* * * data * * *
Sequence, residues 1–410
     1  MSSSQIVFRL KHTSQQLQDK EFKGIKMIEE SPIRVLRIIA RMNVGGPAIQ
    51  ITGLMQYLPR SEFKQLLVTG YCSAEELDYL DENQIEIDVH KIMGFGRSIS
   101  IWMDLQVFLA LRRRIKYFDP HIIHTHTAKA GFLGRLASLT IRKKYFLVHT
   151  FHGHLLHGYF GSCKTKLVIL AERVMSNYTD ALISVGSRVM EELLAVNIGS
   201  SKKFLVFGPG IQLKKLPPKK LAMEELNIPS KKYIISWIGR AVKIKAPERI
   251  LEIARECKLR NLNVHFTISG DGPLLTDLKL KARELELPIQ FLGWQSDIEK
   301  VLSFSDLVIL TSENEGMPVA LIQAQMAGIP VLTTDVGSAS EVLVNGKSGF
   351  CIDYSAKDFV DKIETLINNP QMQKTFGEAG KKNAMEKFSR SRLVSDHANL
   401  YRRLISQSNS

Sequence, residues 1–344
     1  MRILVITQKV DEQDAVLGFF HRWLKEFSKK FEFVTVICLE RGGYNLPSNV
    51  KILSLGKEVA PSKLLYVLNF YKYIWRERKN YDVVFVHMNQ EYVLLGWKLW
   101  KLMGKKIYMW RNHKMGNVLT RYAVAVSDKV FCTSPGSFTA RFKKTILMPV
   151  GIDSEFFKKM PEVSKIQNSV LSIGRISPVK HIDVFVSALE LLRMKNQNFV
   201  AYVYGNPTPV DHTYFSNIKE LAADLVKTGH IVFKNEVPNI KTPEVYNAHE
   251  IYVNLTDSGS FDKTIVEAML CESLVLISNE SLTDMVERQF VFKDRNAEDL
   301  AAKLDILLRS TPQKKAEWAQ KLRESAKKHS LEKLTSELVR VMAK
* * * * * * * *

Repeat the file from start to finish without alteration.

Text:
Sequence, residues 1–410
     1  MSSSQIVFRL KHTSQQLQDK EFKGIKMIEE SPIRVLRIIA RMNVGGPAIQ
    51  ITGLMQYLPR SEFKQLLVTG YCSAEELDYL DENQIEIDVH KIMGFGRSIS
   101  IWMDLQVFLA LRRRIKYFDP HIIHTHTAKA GFLGRLASLT IRKKYFLVHT
   151  FHGHLLHGYF GSCKTKLVIL AERVMSNYTD ALISVGSRVM EELLAVNIGS
   201  SKKFLVFGPG IQLKKLPPKK LAMEELNIPS KKYIISWIGR AVKIKAPERI
   251  LEIARECKLR NLNVHFTISG DGPLLTDLKL KARELELPIQ FLGWQSDIEK
   301  VLSFSDLVIL TSENEGMPVA LIQAQMAGIP VLTTDVGSAS EVLVNGKSGF
   351  CIDYSAKDFV DKIETLINNP QMQKTFGEAG KKNAMEKFSR SRLVSDHANL
   401  YRRLISQSNS

Sequence, residues 1–344
     1  MRILVITQKV DEQDAVLGFF HRWLKEFSKK FEFVTVICLE RGGYNLPSNV
    51  KILSLGKEVA PSKLLYVLNF YKYIWRERKN YDVVFVHMNQ EYVLLGWKLW
   101  KLMGKKIYMW RNHKMGNVLT RYAVAVSDKV FCTSPGSFTA RFKKTILMPV
   151  GIDSEFFKKM PEVSKIQNSV LSIGRISPVK HIDVFVSALE LLRMKNQNFV
   201  AYVYGNPTPV DHTYFSNIKE LAADLVKTGH IVFKNEVPNI KTPEVYNAHE
   251  IYVNLTDSGS FDKTIVEAML CESLVLISNE SLTDMVERQF VFKDRNAEDL
   301  AAKLDILLRS TPQKKAEWAQ KLRESAKKHS LEKLTSELVR VMAK